Lack of competition fuels rise in gas and electricity prices, says watchdog

21 May 2008 / by Daniela Gieseler
Million of Britons are paying far more than they should on energy bills due to a lack of competition. The claim comes from Energywatch CEO Allan Asher who spoke to MPs in a hearing of the House of Commons Business and Enterprise Select Committee yesterday.

Mr Asher said it was a "myth" that there was competition between the gas and electricity suppliers operating in the UK.

"Sadly we have seen the 20 suppliers of 10 years ago shrink into just six in a comfortable oligopoly who really don't feel a need to innovate or compete, and sadly consumers are the losers," he said.

He pointed out that the price difference between the cheapest deal - £952 at Scottish and Southern Energy – to the most expensive deal, which is £972 at npower, amounted to just a "few pence a week". The average dual fuel energy bill has risen to a whopping £1.048 per year.

The lack of competition among gas and electricity suppliers means that prices are rising much faster in the UK than elsewhere in Europe. In comparison to other European countries British energy costs are ranked 4th for electricity and 10th highest for gas.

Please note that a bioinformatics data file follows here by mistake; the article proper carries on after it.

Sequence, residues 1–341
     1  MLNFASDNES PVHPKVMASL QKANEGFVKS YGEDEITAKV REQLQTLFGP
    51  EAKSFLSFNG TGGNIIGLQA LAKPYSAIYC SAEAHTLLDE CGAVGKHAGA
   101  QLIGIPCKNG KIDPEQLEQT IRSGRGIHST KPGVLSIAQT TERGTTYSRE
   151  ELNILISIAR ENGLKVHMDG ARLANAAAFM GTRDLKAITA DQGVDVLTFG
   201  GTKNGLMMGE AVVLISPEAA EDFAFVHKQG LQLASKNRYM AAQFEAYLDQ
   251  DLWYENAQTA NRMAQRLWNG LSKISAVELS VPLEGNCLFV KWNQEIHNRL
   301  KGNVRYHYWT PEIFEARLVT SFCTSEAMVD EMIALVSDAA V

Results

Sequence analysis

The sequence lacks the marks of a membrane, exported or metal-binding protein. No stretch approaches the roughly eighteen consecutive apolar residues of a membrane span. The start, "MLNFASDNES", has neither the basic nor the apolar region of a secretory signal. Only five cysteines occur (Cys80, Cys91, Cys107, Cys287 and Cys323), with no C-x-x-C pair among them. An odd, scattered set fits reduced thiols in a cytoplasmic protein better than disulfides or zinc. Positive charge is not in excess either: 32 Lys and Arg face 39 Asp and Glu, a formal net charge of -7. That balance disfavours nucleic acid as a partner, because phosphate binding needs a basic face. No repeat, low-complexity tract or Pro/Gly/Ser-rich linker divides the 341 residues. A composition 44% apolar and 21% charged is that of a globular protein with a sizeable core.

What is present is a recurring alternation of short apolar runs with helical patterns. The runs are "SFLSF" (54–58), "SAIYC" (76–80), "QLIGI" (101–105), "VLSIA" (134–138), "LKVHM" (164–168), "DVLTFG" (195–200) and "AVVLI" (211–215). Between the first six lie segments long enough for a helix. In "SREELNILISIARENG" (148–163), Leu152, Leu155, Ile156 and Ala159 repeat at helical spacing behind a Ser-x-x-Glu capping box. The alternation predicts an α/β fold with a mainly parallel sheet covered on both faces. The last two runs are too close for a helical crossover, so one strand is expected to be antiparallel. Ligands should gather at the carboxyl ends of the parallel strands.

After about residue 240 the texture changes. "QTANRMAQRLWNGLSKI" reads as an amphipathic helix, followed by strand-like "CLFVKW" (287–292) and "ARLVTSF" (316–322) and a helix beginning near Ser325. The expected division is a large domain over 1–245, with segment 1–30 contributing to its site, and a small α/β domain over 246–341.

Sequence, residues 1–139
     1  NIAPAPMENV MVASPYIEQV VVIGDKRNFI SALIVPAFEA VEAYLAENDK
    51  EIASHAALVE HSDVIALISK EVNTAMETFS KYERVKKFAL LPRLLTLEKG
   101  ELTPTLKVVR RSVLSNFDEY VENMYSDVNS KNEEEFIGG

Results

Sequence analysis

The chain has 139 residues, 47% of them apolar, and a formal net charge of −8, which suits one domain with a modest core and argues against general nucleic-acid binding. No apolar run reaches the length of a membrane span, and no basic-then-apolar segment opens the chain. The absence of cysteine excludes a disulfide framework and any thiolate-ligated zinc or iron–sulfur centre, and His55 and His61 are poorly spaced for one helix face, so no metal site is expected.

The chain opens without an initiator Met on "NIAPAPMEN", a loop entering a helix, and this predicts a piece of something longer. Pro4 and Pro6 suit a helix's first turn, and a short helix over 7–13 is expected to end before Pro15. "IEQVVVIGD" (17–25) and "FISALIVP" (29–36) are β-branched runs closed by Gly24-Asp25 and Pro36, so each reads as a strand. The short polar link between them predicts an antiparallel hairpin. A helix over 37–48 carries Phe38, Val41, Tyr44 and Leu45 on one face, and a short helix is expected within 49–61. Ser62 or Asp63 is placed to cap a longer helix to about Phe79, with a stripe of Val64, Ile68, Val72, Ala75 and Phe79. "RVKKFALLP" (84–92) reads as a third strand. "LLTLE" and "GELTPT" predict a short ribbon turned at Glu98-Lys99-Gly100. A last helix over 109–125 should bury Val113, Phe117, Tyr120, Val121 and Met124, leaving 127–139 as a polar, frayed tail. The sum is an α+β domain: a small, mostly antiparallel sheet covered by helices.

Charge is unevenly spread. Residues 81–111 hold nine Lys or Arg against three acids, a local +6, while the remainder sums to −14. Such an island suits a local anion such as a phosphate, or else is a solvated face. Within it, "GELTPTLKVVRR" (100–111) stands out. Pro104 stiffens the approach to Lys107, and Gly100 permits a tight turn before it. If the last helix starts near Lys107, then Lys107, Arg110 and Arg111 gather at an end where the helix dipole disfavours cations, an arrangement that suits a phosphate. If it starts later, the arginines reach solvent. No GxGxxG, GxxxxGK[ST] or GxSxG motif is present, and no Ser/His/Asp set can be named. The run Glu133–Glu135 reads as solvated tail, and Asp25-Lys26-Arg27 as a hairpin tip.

The committee is investigating accusations that power suppliers do not hesitate to pass on price increases on the wholesale market, but are in no way interested to cut their customers' bills when wholesale prices fall.

In addition, all six British suppliers increased their prices in unison earlier this year which has raised suspicions of price fixing. Although no direct evidence could be found, Mr Archer said he believed suppliers were following the lead of British Gas when increasing or reducing prices.

At the moment, the six suppliers cater for 55 per cent of the British market, and Mr Archer said this could rise to 75 per cent if EDF's acquisition of British Energy went through – which would make the situation even worse for consumers.

Mr Archer also accused the industry of using immoral practices and exploiting consumers, especially those on pre-payments meters which had to pay "punitively higher prices".

"Why is it that pre-payment meter customers are paying up to £400 a year more for the identical commodity? This is an immoral premium," he said.

His comments were followed by a storm of protests from energy suppliers.

A spokesman for British Gas accused Mr Archer of misleading customers saying: "Despite the impact of record oil prices on the cost of gas internationally, Britain's household gas bills remain the lowest in Western Europe, and our electricity is among the cheapest, too."

But, the fact is that thousands of customers struggle to pay their gas and electricity bills which have risen by 15 per cent since the beginning of this year, and there are fears that providers will increase prices further in the months to come.

Mr Archer called the government to act quickly to encourage new suppliers to enter the British market to build new generating stations and offer more competitive prices to the public.

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